Lecture 2: What are the Noahide Laws?
Shalom, and greetings.
We are happy to have you join us in the vital mission of the Bnei Noach, which will help lead to greater peace in the world!
First, though, we must ask: What is a Ben Noach?
The answer is that Israel is the first nation that ever claimed to have spoken with the Creator of the World. Just think about it. Can it be that the world was created, and suddenly a man was thrown into it, and God did not even talk to him? No, that's not logical. In the book of Genesis, the Creator spoke to His creation at the very beginning.
"And God said to Adam, be fruitful and multiply, and fill the world..." [Genesis 1,28].
Just look at that: the Creator didn't speak to the nation of Israel; rather, He talked to the ancestor of all of humanity!! Afterward, the people sinned and were utterly destroyed in the Deluge, except for one family, that of Noach. Noach and his sons are the ones who continued the chain of human existence.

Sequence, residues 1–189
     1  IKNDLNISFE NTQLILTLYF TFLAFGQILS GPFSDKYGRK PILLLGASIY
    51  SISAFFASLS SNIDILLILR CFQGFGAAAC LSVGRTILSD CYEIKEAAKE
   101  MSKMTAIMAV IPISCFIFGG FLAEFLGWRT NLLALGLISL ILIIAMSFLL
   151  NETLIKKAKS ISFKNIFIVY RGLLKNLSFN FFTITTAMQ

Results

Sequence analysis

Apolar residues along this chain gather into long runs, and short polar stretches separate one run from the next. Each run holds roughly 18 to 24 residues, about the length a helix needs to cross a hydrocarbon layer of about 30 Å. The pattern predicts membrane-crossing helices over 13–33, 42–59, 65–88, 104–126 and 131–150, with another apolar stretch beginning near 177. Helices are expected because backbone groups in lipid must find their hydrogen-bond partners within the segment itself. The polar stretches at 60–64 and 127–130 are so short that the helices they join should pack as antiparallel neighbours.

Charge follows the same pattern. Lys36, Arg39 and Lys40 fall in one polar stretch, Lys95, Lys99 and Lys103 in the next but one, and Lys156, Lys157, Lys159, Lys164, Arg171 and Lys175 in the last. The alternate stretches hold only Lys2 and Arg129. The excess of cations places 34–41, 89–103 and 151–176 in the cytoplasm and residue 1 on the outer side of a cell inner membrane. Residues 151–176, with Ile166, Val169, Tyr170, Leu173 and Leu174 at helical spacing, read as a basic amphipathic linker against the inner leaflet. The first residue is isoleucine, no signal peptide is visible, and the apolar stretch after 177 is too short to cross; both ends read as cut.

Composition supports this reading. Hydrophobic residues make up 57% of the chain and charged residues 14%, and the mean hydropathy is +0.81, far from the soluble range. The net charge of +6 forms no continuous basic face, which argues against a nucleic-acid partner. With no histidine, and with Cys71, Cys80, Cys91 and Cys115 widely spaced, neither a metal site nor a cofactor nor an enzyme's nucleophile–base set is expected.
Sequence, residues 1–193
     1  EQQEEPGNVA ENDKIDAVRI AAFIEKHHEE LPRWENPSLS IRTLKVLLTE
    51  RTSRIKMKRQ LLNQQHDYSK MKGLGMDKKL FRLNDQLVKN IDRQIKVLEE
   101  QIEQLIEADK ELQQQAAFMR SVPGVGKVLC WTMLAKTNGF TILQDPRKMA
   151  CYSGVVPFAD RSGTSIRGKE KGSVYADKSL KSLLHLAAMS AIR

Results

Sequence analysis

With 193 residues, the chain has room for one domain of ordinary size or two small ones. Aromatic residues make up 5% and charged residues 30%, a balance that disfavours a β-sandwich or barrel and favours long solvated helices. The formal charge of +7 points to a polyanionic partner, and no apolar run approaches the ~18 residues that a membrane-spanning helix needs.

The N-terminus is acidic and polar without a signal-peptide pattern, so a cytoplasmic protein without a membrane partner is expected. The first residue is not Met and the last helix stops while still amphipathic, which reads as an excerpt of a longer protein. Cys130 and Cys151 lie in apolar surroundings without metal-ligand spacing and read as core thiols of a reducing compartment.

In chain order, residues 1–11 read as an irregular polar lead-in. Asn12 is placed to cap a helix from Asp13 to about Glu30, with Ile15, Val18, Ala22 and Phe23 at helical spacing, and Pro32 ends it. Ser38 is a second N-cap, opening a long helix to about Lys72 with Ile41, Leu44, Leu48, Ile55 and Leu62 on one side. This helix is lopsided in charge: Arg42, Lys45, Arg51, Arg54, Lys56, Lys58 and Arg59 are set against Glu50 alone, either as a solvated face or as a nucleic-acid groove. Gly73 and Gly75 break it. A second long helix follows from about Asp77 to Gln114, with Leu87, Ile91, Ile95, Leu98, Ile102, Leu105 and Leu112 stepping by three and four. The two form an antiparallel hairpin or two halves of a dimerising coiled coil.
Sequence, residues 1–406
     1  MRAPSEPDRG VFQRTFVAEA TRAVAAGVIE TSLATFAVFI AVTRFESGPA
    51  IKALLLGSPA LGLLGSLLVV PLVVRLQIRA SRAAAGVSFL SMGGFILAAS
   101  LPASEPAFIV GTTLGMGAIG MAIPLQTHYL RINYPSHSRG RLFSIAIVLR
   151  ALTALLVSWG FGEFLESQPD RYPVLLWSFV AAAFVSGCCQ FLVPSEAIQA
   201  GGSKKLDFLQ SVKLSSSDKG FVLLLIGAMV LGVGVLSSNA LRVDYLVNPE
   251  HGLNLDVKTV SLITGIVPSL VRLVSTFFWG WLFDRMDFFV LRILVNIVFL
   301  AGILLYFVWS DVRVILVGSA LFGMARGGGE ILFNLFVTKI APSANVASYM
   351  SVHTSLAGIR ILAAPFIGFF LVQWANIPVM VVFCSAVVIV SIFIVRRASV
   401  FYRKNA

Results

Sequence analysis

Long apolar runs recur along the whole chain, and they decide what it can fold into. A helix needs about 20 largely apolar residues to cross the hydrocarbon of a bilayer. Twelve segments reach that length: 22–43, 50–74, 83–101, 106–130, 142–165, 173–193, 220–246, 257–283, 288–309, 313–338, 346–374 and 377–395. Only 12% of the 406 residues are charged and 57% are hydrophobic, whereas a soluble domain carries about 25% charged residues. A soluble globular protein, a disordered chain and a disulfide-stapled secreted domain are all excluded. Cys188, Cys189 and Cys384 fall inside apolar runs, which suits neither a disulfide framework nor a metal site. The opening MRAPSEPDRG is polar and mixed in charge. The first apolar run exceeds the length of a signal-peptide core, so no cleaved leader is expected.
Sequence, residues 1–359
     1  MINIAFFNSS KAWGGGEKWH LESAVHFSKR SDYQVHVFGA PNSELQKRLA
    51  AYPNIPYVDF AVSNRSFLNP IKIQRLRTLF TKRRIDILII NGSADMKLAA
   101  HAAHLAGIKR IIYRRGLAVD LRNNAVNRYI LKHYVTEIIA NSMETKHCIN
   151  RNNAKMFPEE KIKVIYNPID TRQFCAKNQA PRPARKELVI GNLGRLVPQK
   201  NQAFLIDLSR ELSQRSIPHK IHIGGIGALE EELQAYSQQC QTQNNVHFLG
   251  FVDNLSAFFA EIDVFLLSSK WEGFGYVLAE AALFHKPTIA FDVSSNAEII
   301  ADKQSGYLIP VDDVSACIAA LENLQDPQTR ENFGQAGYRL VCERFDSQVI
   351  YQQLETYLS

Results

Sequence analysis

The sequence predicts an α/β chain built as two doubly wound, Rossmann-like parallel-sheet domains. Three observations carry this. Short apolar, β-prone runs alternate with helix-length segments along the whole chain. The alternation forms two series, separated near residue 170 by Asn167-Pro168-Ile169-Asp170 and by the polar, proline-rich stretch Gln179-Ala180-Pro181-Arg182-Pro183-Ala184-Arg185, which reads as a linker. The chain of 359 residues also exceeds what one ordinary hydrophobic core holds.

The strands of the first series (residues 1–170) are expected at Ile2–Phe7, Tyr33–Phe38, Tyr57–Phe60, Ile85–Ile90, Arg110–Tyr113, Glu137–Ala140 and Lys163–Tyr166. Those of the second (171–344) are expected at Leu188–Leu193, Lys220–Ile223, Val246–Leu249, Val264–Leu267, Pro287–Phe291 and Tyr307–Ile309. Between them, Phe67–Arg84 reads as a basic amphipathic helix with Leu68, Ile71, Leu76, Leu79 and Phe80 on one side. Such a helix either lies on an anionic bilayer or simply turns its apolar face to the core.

Later on, the Creator revealed Himself to the nation of Israel, and He instructed them to support and disseminate the Creator's message to humanity proudly.
To summarize, according to the Jewish tradition, all humans are children of God, who created everything. Therefore, every human being, whether a Jew or a Gentile, is worthy of conversing with the Creator. The Jews, as the ones who accepted the mission of bringing the Word of the Creator to the rest of the world, have agreed to perform more actions than the non-Jews. The commands are called mitzvot. One who is not a Jew is not required to complete all the mitzvot that a Jew must do! And that is the way things should be.